First Drive: 2018 Mercedes-Benz S-Class

First Drive: 2018 Mercedes-Benz S-Class
 

It doesn’t take long to learn that long-haul flights in economy class suck. Even an extended visit to the dentist for root canal treatment is less painful, quicker and has fewer side effects than being cooped up for more than 12 hours in a glorified tin can.

If you’re tall, you have to be a contortionist to achieve any semblance of comfort. And sleep? Forget about that unless you pop a couple of sleeping pills.

However, turn left when you enter the plane and life takes on a whole new meaning.

A private bar, a chef on hand to prepare your meals, a shower at 35000ft – nothing is too much trouble when you travel in the sharp end of the plane.

It’s the domain of a select few whose bank accounts contain more digits than a cellphone number and who appreciate the finer things in life.

Very much like the new Mercedes-Benz S-Class, which was launched in Zurich, Switzerland, last week.

Part of the brief when designing/assembling the new (there are about 6 500 new components) S-Class was pretty straight forward: ‘‘To build the best car in the world.’’

Whether they have achieved this will be open to debate, but what they have undeniably done is showcase the best of what the Mercedes-Benz brand has to offer — from luxurious comfort to state-of-art technology and top-notch safety features.

Visually the vehicle remains an S-Class, with classic design lines handed down from previous generations still evident.

After all, when a car is voted ‘‘2016 bestselling luxury sedan worldwide”, you are largely going to maintain — but strive to improve on — what is a winning formula. And that is exactly what Mercedes-Benz has done.

Take safety as an example. It’s already recognised as one of the safest vehicles in the market, but now we see the introduction of the next generation of Intelligent Drive, taking the vehicle — and the brand — a step closer to autonomous driving.

Besides Active Lane Change (press the indicator and the sensor system checks whether the adjacent lane is free of any other vehicle and will move you across), Cruise Control with Distronics (keeping your vehicle at a safe distance from those in front by automatically braking and accelerating) and Evasive Steering Assist (supporting the driver in evasive manoeuvres), we now have Active Distance Assist.

Based largely on information fed to the vehicle via an improved onboard camera and radar systems, the car can now look ahead up to 250m while gathering information on road surfaces, approaching curves, intersections and traffic lights.

Evaluating all this information the car then autonomously drives you at a safe speed.

To illustrate this capability, we took a drive along a postcard-perfect road skirting the Swiss-German border.

Initially, putting your safety in the hands of a computer isunnerving.

But as T-junctions are navigated, sweeping curves handled with ease and traffic circles negotiated — all with minimal input from the driver — your confidence in the vehicle definitely increases.

Perhaps the most significant change to the new S-Class lies in the beating heart of any vehicle: under the bonnet.

There are three completely new engines: a six-cylinder petrol engine, a six-cylinder diesel engine and a V8 biturbo petrol engine.

Power output ranges from 250kW found in the S400 d right up to a blistering 463kW and 1000Nm in the top-model S65 AMG.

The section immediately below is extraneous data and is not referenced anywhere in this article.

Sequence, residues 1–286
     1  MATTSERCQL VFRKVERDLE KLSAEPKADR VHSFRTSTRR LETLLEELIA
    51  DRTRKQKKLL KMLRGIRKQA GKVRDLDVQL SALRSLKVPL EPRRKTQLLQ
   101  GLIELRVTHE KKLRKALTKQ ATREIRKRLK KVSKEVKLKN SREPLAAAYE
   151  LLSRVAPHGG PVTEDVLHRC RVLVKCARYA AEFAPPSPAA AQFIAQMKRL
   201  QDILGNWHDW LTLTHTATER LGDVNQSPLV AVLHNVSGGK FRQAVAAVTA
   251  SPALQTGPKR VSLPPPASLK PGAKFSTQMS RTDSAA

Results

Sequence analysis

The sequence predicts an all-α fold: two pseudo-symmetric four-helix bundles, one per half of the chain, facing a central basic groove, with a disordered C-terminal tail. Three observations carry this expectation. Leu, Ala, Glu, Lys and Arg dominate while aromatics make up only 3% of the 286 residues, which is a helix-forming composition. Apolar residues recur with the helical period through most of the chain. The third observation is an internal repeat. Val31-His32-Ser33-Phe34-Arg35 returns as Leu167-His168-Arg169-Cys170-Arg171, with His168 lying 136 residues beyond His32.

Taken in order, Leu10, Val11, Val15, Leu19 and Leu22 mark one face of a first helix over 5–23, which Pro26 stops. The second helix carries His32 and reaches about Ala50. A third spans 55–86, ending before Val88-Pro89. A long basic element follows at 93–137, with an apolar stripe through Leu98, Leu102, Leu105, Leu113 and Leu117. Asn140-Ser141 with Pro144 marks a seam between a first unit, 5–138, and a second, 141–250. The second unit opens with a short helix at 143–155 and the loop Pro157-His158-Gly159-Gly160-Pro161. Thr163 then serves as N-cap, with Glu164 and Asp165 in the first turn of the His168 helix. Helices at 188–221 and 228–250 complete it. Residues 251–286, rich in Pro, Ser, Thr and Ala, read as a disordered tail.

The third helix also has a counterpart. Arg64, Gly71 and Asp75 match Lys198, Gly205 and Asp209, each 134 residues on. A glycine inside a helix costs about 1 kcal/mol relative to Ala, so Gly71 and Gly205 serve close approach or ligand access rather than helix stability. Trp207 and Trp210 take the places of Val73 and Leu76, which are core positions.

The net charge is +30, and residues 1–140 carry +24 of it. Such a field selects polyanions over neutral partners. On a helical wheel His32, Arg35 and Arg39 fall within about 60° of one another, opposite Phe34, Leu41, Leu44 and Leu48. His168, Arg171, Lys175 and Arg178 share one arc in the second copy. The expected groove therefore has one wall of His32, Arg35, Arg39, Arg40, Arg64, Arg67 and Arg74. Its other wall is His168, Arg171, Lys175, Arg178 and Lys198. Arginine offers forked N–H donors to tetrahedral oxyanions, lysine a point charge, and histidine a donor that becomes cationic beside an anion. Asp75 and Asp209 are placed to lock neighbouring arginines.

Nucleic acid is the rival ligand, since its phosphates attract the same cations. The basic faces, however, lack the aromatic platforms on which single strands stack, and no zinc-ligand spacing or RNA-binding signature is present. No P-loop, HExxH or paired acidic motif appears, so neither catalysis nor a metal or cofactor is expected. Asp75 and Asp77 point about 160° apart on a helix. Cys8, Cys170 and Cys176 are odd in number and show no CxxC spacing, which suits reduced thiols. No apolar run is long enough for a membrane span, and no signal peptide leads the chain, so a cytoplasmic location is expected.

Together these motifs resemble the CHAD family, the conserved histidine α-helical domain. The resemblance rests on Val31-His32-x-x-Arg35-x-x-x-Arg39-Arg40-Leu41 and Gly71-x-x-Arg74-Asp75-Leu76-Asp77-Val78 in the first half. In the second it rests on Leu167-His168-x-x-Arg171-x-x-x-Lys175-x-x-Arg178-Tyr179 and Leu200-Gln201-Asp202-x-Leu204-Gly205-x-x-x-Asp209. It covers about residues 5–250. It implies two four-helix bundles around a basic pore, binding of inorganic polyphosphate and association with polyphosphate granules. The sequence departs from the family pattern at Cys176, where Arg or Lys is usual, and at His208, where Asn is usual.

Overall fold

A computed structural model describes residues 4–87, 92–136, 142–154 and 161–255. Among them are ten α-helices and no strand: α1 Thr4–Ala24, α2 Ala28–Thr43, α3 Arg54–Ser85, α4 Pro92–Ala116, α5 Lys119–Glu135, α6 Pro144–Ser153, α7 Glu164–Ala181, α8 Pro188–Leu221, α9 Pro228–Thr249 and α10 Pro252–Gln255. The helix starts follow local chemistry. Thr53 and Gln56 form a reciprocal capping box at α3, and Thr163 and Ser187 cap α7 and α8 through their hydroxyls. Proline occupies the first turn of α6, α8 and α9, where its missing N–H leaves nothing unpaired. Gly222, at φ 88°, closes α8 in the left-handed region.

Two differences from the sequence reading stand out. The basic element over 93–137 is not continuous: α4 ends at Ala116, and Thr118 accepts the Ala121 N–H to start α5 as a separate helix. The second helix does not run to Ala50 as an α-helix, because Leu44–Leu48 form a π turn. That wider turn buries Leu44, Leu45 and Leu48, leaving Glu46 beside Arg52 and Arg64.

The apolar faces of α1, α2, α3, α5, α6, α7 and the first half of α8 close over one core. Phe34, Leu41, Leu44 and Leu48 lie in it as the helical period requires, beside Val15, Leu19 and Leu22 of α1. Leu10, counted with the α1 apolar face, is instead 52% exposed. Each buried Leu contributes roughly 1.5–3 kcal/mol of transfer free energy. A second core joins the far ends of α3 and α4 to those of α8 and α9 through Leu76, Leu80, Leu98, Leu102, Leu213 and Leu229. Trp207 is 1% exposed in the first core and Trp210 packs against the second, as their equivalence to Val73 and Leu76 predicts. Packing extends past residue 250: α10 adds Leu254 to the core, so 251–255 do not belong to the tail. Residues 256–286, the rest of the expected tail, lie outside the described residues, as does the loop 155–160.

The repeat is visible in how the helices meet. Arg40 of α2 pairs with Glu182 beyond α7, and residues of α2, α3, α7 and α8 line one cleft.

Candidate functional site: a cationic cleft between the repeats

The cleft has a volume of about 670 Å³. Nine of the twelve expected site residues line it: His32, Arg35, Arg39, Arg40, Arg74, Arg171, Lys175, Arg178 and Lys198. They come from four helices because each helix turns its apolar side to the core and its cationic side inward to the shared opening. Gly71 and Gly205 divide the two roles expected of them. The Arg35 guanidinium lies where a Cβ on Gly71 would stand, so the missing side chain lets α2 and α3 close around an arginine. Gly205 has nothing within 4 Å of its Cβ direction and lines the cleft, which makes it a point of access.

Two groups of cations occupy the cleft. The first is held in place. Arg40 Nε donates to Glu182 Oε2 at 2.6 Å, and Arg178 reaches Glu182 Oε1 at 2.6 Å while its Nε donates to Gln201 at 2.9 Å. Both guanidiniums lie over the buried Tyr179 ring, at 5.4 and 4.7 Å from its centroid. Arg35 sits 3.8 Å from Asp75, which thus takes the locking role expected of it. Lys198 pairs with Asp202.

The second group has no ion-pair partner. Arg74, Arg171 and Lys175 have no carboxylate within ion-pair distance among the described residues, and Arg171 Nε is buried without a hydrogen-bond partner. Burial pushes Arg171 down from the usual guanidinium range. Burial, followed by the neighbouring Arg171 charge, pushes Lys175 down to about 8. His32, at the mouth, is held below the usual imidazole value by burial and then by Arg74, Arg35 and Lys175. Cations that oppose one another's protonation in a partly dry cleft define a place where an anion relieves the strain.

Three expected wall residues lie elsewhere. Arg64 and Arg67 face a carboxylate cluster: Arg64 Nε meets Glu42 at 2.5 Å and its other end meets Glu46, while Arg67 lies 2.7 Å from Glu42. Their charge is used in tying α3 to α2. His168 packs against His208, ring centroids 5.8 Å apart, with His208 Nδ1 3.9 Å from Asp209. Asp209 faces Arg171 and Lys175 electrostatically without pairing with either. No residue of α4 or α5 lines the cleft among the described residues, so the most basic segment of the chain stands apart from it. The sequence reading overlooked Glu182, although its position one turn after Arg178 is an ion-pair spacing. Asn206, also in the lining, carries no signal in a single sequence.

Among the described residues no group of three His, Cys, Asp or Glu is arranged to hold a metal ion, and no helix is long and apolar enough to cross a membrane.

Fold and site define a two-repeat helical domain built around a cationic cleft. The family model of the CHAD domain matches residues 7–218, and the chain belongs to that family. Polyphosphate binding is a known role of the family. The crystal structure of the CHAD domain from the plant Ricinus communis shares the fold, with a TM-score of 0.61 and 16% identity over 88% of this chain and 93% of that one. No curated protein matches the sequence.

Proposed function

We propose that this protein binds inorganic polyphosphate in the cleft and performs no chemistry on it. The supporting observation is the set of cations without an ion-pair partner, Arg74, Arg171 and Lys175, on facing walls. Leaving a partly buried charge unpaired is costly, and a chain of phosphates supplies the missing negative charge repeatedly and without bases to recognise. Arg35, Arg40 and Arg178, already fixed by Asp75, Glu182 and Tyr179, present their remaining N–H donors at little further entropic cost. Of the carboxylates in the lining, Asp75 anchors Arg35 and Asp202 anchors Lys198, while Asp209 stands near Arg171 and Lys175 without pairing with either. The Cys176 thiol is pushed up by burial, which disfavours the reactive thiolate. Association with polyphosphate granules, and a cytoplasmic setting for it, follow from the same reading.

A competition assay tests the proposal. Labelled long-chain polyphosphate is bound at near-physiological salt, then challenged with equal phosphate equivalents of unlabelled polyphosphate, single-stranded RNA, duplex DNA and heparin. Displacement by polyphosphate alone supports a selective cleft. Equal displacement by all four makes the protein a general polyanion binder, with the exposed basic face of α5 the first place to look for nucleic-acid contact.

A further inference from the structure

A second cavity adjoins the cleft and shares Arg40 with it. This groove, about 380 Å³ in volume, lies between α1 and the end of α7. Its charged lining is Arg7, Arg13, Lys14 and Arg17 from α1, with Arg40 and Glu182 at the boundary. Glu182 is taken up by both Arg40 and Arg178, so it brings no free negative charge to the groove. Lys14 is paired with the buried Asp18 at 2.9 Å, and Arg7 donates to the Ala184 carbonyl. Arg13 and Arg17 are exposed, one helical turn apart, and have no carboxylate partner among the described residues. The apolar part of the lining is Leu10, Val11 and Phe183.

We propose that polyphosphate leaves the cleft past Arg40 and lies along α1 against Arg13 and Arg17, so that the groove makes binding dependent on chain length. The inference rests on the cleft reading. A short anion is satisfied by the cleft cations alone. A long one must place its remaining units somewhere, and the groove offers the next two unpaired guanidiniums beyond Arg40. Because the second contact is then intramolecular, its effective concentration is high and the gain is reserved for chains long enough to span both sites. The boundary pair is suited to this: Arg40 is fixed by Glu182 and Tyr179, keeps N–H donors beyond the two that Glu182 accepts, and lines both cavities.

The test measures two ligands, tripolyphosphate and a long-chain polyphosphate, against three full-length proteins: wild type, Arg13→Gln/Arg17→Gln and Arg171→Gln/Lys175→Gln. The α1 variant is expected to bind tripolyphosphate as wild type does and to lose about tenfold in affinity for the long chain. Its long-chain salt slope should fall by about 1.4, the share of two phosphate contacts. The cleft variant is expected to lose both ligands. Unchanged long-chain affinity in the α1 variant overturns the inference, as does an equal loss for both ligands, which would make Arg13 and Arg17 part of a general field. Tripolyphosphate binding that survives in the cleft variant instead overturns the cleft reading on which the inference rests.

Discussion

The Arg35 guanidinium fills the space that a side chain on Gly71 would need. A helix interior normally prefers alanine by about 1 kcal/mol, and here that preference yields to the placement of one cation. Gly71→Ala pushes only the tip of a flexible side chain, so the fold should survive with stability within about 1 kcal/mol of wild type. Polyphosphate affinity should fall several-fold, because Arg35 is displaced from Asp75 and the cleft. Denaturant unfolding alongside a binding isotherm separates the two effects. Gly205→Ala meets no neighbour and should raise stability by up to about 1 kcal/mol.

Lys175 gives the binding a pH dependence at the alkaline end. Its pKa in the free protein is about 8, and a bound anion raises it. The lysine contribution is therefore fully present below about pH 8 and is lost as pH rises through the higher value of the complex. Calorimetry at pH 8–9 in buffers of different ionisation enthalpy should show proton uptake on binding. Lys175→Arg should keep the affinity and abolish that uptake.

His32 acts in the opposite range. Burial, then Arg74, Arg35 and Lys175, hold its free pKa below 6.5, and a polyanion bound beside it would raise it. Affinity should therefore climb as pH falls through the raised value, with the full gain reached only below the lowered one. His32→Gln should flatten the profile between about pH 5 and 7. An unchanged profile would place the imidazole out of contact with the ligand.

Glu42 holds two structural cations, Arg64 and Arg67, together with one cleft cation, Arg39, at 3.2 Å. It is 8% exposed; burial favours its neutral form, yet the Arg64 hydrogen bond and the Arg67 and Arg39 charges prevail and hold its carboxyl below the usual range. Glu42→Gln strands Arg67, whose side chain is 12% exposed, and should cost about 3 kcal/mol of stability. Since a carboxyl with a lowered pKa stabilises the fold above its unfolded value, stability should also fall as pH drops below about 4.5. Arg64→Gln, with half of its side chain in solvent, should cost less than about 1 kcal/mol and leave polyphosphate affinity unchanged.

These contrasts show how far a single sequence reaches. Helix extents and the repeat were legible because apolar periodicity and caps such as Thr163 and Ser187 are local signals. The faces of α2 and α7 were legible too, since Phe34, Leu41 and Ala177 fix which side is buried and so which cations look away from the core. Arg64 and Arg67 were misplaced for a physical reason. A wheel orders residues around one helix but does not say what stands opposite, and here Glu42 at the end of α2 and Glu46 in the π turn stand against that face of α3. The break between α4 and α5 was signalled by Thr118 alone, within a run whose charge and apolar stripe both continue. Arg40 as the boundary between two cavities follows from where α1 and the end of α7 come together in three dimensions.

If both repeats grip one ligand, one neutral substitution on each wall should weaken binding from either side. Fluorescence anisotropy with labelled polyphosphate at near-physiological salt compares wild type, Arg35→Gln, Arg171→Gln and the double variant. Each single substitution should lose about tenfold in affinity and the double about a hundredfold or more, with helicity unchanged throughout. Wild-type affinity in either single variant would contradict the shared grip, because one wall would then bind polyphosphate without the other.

To illustrate how fuel-saving technology has evolved, consider that the S500 produced in 2005 had a consumption figure of 11.7litres per 100km. Fast-forward to today and the new S500 has a claimed figure of 6.6litres per 100km.

Any vehicle that carries the coveted AMG badge is always in demand, but we managed to grab a S63 and briefly explore its dynamics.

The S63 sees the introduction of a new 4-litre V8 biturbo engine with cylinder deactivation replacing the previous 5.5-litre V8 biturbo.

A smaller engine it might be, but power is up 20kW to 450kW and 0-100km/h is dispatched in 3.5 seconds.

Brash, raw, even intimidating and at times eye-watering — the cacophony of sound and emotion is clearly audible through the hefty-looking tailpipes if afforded the chance to rip through the new nine-speed AMG sports transmission.

Unfortunately, strict enforcement of speed restrictions — apart from on the renowned autobahn — meant the S63 was kept on a pretty short leash. But drop the lead for just a moment and that unique roar — although slightly muffled when cocooned within the luxury of the cabin — is always lurking a short tap away with your right foot.

Not restricted to any particular model, but across the range, the S-Class oozes luxury and is beyond reproach when it comes to materials used and craftsmanship. You expect, and get, the best.

From exclusive nappa leather seats in a choice of rich colours such as nut brown to perforated leather cladding on the dashboard; from every imaginable comfort and safety feature to small touches such as ambient lighting, fragrancing and massage function. Yep, the S-Class ticks all the boxes when it comes to exclusive motoring.

So, did Mercedes-Benz achieve its ambition to ‘‘build the best car in the world” when it comes to the new S-Class?

It is a question that will be argued ad nauseam in various motoring magazine and online forums with probably no clear-cut conclusion.

But what is not up for debate is that Mercedes-Benz has pushed the boundaries in so many fields with this S-Class, and has ultimately produced an extraordinary car. – Bruce Fraser

  • The new S-Class will be launched in South Africa in January. The lineup will include — in long-wheel base versions — the S350d, S400d, S450, S560, S560e, S600, S63 AMG, S65 AMG, Maybach S560 and Maybach S650.